Since March is National Sleep Month, I thought we might look at an often-overlooked victim of poor sleeping habits — one’s metabolism.
Your metabolism influences how you feel, your libido, fertility, cold tolerance, energy, how you recover from injury and stress, your physical exercise performance and, of course, how efficiently you burn calories and how well you sleep.
The reality is alarming, as we are a sleep-deprived society. It is estimated that only 35% of adults in the United States receive seven hours of sleep each night, while 40% of Americans receive less than six hours.
Not receiving an adequate amount of sleep can lead to insulin resistance, a condition known as pre-diabetes. This can impair one’s metabolism and lead to weight gain. In fact, research has shown that impaired long-term sleep resulting in six hours or less per night can increase one’s risk to type II diabetes by 50%.
Lack of sleep can lead directly to weight gain, or secondarily from elevated cortisol levels, which can lead to retaining weight, especially around the midsection.
Lack of sleep also leads to systemic inflammation, opening the door to heart disease, insulin resistance, and challenges to one’s immunity.
The reasons why people are often not sleeping is over-stimulation without proper “downtime,” resulting in poor stress management as well as bucking the natural process of our genes.
When the sun goes down, our bodies are cued to produce melatonin, which helps us sleep at night. As the sun comes up, melatonin production ceases and cortisol and serotonin rise, preparing us for a wakeful day ahead.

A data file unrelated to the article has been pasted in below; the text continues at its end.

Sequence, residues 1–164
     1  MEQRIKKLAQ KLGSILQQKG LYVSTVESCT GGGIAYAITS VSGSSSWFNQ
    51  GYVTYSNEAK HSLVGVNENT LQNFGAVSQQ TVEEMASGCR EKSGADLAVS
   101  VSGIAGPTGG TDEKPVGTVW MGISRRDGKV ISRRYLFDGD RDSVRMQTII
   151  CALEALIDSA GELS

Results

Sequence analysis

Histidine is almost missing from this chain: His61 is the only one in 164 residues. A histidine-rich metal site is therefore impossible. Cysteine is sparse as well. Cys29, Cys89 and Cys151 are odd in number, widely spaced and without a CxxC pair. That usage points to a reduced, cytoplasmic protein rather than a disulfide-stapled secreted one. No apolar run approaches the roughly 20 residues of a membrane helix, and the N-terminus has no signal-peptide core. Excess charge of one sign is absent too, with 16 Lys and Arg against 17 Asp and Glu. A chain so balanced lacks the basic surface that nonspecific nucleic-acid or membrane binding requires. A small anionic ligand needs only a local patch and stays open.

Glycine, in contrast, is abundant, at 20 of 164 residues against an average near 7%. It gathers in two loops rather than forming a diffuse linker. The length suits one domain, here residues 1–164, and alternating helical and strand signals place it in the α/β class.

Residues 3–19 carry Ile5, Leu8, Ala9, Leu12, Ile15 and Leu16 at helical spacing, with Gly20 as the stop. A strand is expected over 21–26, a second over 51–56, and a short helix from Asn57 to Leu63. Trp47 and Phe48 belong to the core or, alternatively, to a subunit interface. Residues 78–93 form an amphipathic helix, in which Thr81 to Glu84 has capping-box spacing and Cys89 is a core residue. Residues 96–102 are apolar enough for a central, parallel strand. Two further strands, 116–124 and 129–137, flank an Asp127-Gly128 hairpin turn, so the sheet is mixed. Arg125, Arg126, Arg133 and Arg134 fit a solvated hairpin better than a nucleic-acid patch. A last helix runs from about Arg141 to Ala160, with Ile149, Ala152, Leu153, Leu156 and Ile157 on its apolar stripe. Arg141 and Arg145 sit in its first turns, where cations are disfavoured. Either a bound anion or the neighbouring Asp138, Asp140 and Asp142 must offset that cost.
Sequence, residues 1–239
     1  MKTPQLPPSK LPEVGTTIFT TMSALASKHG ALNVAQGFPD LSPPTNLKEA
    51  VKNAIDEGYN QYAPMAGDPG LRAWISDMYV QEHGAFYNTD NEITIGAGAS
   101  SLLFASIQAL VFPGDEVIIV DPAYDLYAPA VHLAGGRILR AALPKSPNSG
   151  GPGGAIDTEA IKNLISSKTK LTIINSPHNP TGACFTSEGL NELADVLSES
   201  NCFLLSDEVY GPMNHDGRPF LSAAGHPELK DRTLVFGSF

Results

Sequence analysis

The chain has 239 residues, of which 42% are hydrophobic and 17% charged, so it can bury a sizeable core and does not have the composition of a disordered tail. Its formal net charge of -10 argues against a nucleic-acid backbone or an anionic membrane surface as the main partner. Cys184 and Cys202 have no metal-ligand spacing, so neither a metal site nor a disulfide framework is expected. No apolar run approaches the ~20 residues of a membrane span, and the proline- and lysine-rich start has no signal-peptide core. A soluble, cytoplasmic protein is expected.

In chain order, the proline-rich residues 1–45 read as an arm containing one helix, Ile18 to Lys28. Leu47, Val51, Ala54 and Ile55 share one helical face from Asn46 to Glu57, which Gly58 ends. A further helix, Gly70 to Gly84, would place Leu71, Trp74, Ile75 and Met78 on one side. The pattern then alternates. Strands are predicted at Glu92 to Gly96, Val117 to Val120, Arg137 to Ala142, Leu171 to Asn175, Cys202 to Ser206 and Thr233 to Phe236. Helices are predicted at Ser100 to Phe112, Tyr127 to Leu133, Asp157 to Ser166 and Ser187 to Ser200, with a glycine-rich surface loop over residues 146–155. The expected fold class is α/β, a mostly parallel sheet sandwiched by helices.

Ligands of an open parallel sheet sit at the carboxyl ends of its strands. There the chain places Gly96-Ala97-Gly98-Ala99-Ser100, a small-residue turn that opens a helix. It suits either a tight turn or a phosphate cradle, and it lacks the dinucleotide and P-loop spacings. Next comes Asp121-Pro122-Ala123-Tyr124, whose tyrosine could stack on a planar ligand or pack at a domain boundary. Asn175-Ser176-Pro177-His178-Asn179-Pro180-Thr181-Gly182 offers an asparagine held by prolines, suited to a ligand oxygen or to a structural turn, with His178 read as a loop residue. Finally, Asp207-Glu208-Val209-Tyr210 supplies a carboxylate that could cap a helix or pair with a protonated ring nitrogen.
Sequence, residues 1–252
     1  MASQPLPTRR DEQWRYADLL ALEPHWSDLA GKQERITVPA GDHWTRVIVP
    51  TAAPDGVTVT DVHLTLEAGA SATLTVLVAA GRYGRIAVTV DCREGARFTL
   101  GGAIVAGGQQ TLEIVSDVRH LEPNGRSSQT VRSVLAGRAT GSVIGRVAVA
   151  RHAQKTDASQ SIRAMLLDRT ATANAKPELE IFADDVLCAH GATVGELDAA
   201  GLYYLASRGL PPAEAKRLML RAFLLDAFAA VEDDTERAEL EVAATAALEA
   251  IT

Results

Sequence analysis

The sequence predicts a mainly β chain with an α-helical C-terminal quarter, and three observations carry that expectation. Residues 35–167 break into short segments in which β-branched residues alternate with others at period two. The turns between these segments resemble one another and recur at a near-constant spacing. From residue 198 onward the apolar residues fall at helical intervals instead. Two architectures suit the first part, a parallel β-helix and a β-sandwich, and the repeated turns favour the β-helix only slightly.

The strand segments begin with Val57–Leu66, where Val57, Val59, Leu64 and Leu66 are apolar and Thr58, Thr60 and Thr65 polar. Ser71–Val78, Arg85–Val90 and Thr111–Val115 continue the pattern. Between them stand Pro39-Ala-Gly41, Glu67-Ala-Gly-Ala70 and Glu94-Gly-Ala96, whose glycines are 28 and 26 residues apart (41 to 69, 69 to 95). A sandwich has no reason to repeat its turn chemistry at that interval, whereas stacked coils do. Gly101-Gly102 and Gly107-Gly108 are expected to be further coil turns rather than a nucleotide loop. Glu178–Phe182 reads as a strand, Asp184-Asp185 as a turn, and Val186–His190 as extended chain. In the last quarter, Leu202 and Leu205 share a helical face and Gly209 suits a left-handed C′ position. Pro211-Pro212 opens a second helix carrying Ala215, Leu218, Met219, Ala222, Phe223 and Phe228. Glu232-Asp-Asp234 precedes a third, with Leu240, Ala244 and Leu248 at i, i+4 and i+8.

When we are immersed in artificial lights through the night, our melatonin production is suppressed, and cortisol levels stay unnaturally elevated through the night.
Chronically elevated cortisol levels, can bind to appetite receptors in the brain and trigger the consumption of “comfort foods,” binge eating, and a pattern of nighttime eating.
When looking to improve sleep, relaxation-based rituals might just be what the doctor ordered. Tune out digital stimulation a few hours before bed. Pick up a book, consider candles around the house or even switch out some of your white light bulbs for orange bulbs (often called insect bulbs, available at home supply stores).
As far as nutrition, I would consider a quality B Complex. B vitamins support the synthesis of serotonin for a positive mood, which along with cortisol helps us wake up in the morning. In the evening, our bodies look to our serotonin pools, and convert the serotonin to melatonin to help induce a restful night-time sleep.
Both Pure’s B Complex Plus can be found at any Martin’s Pharmacy, and are 15% off with your Martin’s Advantage Card.